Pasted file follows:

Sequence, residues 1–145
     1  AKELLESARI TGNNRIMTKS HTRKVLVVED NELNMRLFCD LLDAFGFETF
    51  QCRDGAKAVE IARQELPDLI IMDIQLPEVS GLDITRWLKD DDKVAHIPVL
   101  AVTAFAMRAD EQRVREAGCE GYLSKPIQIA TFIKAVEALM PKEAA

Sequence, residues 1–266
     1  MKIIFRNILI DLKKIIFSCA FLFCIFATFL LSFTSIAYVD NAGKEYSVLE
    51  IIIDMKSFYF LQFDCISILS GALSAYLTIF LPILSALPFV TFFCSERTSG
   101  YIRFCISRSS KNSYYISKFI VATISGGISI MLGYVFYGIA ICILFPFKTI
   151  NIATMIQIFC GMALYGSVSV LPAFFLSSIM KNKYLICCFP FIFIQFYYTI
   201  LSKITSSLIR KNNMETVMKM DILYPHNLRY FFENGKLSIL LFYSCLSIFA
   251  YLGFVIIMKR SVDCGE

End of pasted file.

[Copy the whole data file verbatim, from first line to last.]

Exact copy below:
Sequence, residues 1–145
     1  AKELLESARI TGNNRIMTKS HTRKVLVVED NELNMRLFCD LLDAFGFETF
    51  QCRDGAKAVE IARQELPDLI IMDIQLPEVS GLDITRWLKD DDKVAHIPVL
   101  AVTAFAMRAD EQRVREAGCE GYLSKPIQIA TFIKAVEALM PKEAA

Sequence, residues 1–266
     1  MKIIFRNILI DLKKIIFSCA FLFCIFATFL LSFTSIAYVD NAGKEYSVLE
    51  IIIDMKSFYF LQFDCISILS GALSAYLTIF LPILSALPFV TFFCSERTSG
   101  YIRFCISRSS KNSYYISKFI VATISGGISI MLGYVFYGIA ICILFPFKTI
   151  NIATMIQIFC GMALYGSVSV LPAFFLSSIM KNKYLICCFP FIFIQFYYTI
   201  LSKITSSLIR KNNMETVMKM DILYPHNLRY FFENGKLSIL LFYSCLSIFA
   251  YLGFVIIMKR SVDCGE